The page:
The National Council of Certified Dementia Practitioners (NCCDP) credential enables inmate staff with the knowledge and tools necessary to respond to cognitively impaired inmates
SPARTA, New Jersey, Dec. 2, 2019 /PRNewswire/ -- The National Council of Certified Dementia Practitioners (NCCDP) credential enables Correctional Facility staff with the knowledge and tools necessary to respond to cognitively impaired inmates. The prison system has been historically ill-equipped to handle the aging inmate population, particularly those suffering with dementia, and in July 2019, under the direction of Rear Admiral Stephen Spaulding, Warden, the first of its kind Memory Disorder Unit (MDU) opened at FMC Devens in Massachusetts. The unit is staffed by inmates who are Certified Nursing Assistants and have completed the Massachusetts state required nursing assistant course and meet Massachusetts requirements for certification. The staff nurse educators were certified as Certified Correctional Personnel Dementia Trainers (CCPDT) and the correctional guards were certified as Certified Dementia Trained Correctional Personnel (CDTCP), after completion of the ADDC Alzheimer's Disease and Dementia Care curriculum developed specifically for correctional facilities and presented by National Council of Certified Dementia Practitioners.
Why is awareness of dementia in prison so important?
The inmate population in the United States is aging. This reality is further compounded by the fact that individuals who are incarcerated are generally at an increased risk of developing dementia due to several risk factors associated with their lifestyle. The prison system has historically been ill-equipped to manage this type of inmate because there is currently little to no staff training on how to effectively manage inmates suffering from cognitive impairment disorders. Consequently, these inmates are often held to the same standard as inmates in the general population, facing unproductive disciplinary action in response to the negative behaviors resulting from impulsivity, disinhibition, and impaired judgment. This leads to safety concerns for both staff and inmates.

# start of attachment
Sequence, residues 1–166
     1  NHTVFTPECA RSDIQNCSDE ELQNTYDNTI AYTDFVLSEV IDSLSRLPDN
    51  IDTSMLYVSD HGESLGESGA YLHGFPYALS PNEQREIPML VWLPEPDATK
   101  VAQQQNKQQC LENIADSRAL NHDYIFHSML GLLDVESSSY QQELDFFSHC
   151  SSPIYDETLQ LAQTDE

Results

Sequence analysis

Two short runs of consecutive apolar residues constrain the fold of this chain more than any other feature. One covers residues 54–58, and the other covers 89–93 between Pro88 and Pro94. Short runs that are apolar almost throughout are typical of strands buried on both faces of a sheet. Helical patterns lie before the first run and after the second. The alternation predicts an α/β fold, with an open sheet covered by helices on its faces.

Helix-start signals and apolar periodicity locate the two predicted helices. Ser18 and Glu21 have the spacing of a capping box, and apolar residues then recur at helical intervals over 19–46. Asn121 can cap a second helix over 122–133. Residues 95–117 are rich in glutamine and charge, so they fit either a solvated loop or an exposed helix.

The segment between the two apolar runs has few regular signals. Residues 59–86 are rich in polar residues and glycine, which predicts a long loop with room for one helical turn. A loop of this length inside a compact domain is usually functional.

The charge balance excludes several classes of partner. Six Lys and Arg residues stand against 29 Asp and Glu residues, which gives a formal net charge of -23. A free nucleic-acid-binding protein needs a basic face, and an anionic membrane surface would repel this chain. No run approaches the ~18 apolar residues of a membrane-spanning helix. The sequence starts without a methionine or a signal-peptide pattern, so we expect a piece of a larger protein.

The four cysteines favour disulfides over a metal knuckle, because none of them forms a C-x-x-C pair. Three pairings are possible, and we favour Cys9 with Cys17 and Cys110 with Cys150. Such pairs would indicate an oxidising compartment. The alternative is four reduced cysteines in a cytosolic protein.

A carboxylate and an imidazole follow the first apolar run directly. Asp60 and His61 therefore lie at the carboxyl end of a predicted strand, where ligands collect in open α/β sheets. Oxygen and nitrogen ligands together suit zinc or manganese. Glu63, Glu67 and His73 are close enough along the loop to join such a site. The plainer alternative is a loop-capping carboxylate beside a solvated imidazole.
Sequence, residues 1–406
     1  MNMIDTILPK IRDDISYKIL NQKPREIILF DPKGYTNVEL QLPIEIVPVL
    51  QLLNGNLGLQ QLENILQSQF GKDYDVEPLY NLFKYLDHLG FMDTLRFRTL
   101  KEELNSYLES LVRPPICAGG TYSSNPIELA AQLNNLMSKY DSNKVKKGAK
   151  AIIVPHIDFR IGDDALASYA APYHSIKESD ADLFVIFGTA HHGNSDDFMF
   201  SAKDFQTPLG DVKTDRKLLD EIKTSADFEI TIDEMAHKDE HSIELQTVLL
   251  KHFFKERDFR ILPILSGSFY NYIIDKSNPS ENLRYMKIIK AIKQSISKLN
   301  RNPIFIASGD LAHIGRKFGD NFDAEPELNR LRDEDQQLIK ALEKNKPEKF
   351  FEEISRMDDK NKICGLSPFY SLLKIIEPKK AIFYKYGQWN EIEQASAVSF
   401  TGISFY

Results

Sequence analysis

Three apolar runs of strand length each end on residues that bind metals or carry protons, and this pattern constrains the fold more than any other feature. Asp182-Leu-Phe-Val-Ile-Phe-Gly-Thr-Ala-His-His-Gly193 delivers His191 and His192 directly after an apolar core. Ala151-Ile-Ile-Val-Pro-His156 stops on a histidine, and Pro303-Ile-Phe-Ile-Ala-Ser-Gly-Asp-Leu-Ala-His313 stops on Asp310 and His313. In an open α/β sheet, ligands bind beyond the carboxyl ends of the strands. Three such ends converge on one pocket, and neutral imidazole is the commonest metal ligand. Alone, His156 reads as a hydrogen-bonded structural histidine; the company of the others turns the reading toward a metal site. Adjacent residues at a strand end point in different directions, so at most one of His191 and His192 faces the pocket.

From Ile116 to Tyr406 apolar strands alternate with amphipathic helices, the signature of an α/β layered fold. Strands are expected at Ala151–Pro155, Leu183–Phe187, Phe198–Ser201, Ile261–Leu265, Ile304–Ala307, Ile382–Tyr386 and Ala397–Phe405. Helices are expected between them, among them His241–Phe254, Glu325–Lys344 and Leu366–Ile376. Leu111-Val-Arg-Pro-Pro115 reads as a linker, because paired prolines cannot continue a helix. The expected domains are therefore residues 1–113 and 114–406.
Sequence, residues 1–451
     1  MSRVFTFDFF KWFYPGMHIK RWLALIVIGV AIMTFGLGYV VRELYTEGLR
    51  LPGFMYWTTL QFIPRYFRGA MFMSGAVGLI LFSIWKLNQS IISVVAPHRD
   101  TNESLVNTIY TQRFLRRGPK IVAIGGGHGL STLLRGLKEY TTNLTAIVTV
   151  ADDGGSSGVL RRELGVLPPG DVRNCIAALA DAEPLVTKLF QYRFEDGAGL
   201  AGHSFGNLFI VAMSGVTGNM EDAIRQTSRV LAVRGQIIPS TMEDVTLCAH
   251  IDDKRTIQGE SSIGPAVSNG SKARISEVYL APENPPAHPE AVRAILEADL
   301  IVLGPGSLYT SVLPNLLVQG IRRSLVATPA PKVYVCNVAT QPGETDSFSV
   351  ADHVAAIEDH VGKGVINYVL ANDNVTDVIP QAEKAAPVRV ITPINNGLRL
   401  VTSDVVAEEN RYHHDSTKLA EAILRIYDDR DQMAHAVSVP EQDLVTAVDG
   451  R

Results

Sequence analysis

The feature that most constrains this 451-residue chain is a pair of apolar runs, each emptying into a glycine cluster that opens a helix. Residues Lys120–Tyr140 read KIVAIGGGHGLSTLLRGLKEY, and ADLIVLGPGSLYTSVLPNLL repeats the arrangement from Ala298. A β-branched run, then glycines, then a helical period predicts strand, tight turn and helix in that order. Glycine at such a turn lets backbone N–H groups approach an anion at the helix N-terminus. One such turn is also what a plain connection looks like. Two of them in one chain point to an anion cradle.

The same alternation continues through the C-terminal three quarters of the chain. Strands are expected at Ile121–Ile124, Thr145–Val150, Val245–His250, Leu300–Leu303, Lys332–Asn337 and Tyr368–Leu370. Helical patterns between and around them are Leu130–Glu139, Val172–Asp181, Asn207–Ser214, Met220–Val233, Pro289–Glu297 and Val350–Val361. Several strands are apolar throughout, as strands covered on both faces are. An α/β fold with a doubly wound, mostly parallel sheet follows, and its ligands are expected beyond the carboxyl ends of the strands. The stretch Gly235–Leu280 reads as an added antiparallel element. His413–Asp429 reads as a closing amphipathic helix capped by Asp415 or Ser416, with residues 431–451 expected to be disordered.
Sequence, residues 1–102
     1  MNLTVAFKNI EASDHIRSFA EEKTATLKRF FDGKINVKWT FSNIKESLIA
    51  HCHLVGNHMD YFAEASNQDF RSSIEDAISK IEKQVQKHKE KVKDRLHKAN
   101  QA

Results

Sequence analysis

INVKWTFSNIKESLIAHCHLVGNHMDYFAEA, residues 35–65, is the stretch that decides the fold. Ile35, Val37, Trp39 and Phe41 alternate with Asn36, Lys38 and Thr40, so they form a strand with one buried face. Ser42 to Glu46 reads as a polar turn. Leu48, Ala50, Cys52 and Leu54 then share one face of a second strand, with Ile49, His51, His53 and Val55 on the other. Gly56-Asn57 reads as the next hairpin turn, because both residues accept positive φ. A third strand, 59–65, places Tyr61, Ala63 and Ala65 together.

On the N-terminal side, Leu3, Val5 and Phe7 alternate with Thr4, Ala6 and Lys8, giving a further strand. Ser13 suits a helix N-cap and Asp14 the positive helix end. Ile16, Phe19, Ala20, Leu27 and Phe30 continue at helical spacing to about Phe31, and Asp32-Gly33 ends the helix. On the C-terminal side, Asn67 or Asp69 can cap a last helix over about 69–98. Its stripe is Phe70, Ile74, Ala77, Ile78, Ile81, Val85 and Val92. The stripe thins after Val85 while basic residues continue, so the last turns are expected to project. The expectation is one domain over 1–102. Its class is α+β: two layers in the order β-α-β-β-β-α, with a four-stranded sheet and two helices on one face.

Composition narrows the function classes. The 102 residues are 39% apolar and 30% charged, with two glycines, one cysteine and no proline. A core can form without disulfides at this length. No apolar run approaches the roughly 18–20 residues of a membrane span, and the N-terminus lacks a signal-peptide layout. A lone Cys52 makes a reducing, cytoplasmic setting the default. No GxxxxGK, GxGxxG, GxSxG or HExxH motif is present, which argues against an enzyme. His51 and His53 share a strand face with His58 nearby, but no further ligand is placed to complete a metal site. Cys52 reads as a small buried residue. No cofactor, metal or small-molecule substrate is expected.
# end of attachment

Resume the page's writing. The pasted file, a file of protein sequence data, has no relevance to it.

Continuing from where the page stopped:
Memory Disorder Unit (MDU)
Since nursing homes are not equipped to handle violent offenders, placement of these inmates in a nursing home is not an option. Under the direction of Rear Admiral Stephen Spaulding, Warden at FMC Devens in Massachusetts, the Memory Disorder Unit (MDU) opened in July of 2019. It is the first unit specifically geared toward housing and treating inmates suffering from dementia in the Federal Bureau of Prisons and is the first unit of its kind in the prison system of the United States and abroad. Warden Spaulding chose Captain Michael Bollinger to lead the development team in planning and creating the specialized housing unit using the nursing home model.
FMC Devens' nursing home model includes policies and procedures that were specifically developed for this unit that address current best practices such as: therapeutic care using an interdisciplinary team approach, safety and security, pat searches, communication and de-escalation techniques, pharmacological management of dementia, therapeutic recreation programming, and consultations to religious services, dieticians, and physical and occupational therapists when indicated. Inmates who are in the end-stage of dementia are placed in a specialized comfort care program on the unit.
FMC Devens contacted the National Council of Certified Dementia Practitioners and had twelve Nurses certified as Certified Correctional Personnel Dementia Trainers. All staff who work on the MDU are required to complete 8-hours of comprehensive Alzheimer's disease and Dementia Care curriculum developed by the National Council of Certified Dementia Practitioners. The staff then receive the credential of CDTCP Certified Correctional Personnel Dementia Trained. The CCPDT trainers will continue to provide comprehensive dementia education to personnel, nursing assistants, volunteers, and clergy. The curriculum provides a better understanding of dementia, enabling staff to have the knowledge and tools necessary to respond to the challenges the staff face when working with cognitively impaired inmates.
What does the CNA Nursing Assistant Certification consist of?